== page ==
Intel’s neuromorphic system has neuron capacity of an owl’s brain

Intel says it has built the world’s largest neuromorphic computing system called Hala Point, that has the neuron capacity roughly equivalent to that of an owl brain. The system, deployed at Sandia National Laboratories, uses the Loihi 2 processor to support research into brain-inspired artificial intelligence.

Hala Point builds on Intel’s first-generation large-scale research system, Pohoiki Springs. The system can support up to 20 quadrillion operations per second (20 petaops) with an efficiency exceeding 15 trillion operations per second per watt (TOPS/W) when running conventional deep neural networks, according to Intel.

Researchers at Sandia National Laboratories will use Hala Point to conduct advanced brain-scale computing research, focusing on scientific computing problems in device physics, computer architecture, computer science, and informatics.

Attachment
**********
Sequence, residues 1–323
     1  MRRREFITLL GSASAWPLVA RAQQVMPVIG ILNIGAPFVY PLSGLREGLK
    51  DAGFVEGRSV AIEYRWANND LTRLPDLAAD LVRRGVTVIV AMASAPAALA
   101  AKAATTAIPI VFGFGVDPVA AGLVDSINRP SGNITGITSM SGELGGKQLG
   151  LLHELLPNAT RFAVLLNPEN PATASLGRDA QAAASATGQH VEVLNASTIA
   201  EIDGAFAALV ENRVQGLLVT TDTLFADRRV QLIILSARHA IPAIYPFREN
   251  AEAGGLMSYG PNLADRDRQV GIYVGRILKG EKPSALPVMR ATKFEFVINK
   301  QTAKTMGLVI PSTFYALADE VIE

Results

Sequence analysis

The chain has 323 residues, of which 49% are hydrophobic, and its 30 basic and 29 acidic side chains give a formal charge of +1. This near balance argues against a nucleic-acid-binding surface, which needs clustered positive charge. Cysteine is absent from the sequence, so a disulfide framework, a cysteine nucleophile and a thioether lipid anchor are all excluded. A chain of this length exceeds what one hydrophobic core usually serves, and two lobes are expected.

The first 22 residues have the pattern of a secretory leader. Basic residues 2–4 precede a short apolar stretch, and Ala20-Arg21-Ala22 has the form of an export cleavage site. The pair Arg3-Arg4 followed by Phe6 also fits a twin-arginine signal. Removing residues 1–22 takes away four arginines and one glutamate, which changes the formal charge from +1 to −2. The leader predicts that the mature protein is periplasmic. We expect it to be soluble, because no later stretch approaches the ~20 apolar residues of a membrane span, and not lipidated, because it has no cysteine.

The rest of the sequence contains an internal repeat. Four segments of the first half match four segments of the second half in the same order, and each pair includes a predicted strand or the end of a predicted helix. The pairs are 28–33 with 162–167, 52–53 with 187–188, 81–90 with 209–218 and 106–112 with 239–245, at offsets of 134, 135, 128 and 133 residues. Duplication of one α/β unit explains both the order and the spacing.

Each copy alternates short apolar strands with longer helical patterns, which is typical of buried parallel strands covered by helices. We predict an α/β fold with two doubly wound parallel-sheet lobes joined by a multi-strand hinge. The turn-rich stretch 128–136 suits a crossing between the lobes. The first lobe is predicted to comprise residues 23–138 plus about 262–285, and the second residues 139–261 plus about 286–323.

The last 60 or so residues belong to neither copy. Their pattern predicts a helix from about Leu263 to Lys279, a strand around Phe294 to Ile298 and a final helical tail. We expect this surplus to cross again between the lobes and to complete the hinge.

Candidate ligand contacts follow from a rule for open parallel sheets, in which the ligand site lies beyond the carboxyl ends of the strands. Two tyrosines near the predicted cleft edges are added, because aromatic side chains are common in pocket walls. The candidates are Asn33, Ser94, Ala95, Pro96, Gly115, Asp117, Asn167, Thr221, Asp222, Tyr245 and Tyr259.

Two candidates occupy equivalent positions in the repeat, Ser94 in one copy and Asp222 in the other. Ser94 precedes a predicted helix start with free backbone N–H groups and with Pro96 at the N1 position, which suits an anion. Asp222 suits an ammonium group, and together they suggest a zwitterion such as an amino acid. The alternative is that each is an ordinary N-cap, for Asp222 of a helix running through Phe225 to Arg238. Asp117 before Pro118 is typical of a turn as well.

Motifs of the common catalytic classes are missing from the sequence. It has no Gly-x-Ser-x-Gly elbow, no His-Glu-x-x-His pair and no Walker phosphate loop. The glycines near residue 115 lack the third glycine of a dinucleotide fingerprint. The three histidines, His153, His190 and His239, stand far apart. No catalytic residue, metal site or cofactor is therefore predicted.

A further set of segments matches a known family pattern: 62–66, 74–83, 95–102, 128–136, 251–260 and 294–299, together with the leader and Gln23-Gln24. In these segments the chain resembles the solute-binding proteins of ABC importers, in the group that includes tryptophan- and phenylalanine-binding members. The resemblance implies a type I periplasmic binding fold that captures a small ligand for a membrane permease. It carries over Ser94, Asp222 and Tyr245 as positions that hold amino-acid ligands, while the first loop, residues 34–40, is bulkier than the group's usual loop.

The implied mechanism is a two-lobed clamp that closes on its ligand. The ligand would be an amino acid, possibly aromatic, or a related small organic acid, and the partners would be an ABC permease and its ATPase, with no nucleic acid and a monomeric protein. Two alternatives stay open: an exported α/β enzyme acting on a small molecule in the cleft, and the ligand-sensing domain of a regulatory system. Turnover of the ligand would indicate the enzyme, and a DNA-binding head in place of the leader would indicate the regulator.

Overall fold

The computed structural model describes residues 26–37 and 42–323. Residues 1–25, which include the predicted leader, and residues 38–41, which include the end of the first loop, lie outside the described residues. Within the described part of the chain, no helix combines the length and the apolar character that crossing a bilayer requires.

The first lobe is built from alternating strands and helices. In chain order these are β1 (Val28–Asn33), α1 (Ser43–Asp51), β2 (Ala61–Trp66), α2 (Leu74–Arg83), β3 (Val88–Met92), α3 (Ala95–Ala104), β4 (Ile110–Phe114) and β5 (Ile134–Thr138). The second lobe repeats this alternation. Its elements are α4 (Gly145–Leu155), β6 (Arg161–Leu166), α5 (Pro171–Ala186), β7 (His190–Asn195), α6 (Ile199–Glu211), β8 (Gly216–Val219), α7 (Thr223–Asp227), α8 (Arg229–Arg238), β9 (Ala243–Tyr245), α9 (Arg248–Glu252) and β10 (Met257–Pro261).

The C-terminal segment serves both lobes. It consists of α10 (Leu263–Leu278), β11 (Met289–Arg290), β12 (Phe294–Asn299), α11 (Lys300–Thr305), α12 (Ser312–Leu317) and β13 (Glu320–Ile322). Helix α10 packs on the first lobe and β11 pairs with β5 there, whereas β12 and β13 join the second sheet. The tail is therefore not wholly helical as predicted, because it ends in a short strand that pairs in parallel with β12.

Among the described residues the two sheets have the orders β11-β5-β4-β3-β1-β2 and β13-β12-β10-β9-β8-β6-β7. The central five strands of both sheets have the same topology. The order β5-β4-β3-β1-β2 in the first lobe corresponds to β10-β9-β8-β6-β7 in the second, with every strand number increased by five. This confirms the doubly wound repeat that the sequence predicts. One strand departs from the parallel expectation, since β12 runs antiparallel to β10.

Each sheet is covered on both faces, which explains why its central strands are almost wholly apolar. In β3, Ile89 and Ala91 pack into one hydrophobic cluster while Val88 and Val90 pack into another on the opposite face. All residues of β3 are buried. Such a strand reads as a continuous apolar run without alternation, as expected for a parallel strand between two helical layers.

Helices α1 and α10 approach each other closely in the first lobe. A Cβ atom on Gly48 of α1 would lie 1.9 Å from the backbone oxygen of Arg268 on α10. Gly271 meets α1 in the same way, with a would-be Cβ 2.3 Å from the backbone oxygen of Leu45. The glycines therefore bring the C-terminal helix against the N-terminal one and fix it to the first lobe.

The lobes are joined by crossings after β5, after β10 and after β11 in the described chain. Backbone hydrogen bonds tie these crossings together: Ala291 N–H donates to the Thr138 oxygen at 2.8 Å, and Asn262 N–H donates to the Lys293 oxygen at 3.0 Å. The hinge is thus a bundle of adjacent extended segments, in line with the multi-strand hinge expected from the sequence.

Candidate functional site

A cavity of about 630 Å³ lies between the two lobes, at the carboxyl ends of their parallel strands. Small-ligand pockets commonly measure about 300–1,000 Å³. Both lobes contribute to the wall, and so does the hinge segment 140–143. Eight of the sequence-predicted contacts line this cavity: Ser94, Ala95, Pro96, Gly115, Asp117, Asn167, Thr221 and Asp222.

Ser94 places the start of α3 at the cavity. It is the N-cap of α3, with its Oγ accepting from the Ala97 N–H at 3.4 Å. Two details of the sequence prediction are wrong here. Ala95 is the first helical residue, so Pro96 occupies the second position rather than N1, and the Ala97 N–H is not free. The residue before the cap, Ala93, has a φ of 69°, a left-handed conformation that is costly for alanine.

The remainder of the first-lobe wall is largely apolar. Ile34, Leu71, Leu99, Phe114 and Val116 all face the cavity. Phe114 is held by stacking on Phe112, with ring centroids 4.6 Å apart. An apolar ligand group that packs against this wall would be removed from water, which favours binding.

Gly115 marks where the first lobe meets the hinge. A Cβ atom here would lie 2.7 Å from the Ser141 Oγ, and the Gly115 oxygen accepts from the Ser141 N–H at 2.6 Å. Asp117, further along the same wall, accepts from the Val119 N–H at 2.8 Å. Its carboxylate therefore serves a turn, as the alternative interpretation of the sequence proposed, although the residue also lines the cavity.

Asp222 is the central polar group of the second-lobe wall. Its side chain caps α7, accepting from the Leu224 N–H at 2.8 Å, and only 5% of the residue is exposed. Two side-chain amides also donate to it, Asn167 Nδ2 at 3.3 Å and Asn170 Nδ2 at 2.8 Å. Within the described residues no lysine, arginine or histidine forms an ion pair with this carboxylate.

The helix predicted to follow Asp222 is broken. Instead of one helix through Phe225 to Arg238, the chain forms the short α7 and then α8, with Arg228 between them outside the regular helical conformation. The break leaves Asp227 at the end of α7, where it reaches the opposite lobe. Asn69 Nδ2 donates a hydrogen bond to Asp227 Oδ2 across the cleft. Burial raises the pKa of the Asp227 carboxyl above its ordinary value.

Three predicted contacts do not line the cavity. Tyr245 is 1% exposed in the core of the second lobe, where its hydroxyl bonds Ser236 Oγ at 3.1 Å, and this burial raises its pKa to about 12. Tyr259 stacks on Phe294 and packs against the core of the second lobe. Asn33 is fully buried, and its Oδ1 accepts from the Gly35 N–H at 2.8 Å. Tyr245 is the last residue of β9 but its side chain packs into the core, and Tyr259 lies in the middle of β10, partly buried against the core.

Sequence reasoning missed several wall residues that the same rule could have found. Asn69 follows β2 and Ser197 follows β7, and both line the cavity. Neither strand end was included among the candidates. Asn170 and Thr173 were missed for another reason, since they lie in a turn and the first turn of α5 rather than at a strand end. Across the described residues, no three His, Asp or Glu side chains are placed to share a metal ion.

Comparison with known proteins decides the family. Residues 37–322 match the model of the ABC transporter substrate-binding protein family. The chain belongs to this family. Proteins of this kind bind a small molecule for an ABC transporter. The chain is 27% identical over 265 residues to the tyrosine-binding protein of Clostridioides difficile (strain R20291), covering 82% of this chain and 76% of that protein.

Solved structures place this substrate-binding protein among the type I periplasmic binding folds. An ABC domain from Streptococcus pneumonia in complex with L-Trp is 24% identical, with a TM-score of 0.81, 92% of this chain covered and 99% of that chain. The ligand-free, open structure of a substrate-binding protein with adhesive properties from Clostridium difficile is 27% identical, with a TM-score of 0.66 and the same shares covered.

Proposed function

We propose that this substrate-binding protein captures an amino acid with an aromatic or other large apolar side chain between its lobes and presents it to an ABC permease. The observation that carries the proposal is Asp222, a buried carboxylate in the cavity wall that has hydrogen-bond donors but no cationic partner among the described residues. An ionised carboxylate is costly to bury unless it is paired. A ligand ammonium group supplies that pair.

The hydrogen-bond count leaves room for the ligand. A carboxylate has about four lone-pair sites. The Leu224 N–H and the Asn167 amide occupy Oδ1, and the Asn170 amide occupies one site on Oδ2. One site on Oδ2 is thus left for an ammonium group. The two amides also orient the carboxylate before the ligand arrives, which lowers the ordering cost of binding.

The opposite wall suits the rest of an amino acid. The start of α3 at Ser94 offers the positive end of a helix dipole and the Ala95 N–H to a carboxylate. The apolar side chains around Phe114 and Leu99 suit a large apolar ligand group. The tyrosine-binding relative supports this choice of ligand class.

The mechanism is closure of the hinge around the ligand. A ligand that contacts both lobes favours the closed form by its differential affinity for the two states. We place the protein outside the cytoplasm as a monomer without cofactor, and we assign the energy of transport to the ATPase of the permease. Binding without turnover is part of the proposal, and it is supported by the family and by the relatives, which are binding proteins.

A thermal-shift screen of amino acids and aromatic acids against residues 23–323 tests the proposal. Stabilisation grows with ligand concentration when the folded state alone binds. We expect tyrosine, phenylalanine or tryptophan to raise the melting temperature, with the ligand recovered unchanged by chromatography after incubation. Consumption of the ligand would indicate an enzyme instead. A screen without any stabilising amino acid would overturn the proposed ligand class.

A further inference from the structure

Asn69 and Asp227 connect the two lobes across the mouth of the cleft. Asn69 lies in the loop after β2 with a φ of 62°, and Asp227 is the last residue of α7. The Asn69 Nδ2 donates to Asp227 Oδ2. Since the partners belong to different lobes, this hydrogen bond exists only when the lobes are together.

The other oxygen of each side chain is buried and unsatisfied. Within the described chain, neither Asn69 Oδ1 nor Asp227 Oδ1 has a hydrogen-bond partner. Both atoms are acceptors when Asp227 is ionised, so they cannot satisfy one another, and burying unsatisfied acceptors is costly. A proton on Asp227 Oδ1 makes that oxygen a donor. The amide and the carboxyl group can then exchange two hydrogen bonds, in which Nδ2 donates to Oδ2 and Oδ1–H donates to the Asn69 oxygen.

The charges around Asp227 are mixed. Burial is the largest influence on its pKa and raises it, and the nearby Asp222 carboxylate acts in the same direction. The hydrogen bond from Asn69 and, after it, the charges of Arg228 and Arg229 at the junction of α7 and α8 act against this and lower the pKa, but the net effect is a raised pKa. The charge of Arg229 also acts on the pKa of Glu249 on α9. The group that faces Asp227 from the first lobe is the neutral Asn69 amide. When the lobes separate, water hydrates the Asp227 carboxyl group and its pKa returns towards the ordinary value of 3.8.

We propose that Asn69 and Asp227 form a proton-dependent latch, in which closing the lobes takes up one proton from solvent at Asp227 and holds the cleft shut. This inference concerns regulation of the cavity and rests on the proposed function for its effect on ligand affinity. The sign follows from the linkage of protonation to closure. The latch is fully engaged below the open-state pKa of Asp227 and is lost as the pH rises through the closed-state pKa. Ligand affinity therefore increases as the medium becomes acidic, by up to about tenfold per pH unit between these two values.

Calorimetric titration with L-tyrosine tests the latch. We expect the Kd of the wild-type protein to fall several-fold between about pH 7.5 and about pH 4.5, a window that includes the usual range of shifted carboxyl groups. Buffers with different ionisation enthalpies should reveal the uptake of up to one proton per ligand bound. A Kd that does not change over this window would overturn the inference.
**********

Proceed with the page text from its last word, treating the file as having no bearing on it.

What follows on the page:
Hala Point packages 1,152 Loihi 2 processors in a six-rack-unit data center chassis, supporting up to 1.15 billion neurons and 128 billion synapses distributed over 140,544 neuromorphic processing cores, consuming a maximum of 2,600 watts of power.

Hala Point is currently a research prototype that will inform future commercial systems, says Intel.

[Image courtesy: Intel]

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